Trying to use a damaged passport

Did you know you may not be able to travel if your passport is considered damaged? While what is damaged enough to cause an issue is a bit up to the discretion of the gate agent or immigration officer, the US State Department says you should replace your passport if there is “water damage, a significant tear, unofficial markings on the data page, missing visa pages (torn out), or a hole punch.” 

It also says you don’t have to replace your passport if it shows “normal wear and tear, which includes the bend of a passport after being carried in your back pocket or fanning of the visa pages after lots of opening and closing.”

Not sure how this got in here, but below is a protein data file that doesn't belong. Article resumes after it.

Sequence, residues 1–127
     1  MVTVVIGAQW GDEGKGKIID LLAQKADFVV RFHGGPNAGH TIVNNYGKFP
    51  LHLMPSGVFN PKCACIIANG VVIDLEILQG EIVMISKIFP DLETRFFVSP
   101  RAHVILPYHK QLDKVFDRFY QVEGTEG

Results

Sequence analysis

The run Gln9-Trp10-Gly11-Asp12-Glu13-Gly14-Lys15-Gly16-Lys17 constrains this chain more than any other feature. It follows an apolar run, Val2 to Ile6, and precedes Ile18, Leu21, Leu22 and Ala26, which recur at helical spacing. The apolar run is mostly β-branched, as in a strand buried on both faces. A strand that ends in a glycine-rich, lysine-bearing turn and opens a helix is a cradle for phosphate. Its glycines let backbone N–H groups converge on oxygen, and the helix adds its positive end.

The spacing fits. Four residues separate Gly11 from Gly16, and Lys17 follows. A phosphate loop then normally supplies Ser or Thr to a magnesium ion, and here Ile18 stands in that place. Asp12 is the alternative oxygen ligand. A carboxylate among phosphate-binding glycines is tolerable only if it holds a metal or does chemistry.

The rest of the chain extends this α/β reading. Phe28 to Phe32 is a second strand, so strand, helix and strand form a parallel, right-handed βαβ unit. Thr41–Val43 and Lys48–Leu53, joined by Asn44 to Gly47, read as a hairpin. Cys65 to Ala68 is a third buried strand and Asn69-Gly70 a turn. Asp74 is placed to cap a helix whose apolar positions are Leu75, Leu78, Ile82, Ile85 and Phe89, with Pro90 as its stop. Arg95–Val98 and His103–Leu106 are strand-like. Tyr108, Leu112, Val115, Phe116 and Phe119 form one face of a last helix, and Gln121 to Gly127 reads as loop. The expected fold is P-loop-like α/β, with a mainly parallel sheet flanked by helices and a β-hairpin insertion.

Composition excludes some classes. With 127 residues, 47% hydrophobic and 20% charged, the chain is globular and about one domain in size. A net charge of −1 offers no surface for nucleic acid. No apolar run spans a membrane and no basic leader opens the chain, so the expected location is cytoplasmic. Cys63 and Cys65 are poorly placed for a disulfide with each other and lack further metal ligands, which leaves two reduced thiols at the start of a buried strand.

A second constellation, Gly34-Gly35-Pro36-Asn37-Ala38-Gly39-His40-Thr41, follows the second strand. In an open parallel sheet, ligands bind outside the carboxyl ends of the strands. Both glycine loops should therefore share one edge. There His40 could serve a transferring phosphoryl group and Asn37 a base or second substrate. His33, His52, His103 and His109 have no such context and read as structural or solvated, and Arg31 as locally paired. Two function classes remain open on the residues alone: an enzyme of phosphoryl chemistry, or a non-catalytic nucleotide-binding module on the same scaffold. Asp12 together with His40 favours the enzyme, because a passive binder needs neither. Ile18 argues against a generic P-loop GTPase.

If your dog chews it or it goes through the wash, though? Probably better to get it replaced than risk getting turned away at the airport. 

passport open to stamped pages.

Not having enough validity beyond the dates of your trip

Maybe you’ve heard this story. A person shows up at the airport ready to take the trip of a lifetime, and they get told, “Sorry, your passport expires too soon.” 

“What do you mean?” they ask. “I return to the US on June 30, and my passport doesn’t expire until July 15!”

The catch is many countries require that your passport be valid not only for the duration of your trip but also for a certain period of time after it ends. For example, Spain requires your passport to be valid for three months after your trip, while Vietnam requires it to be valid for at least six months after.

A good rule of thumb is to make sure your passport is valid for at least six months beyond the dates of any trip.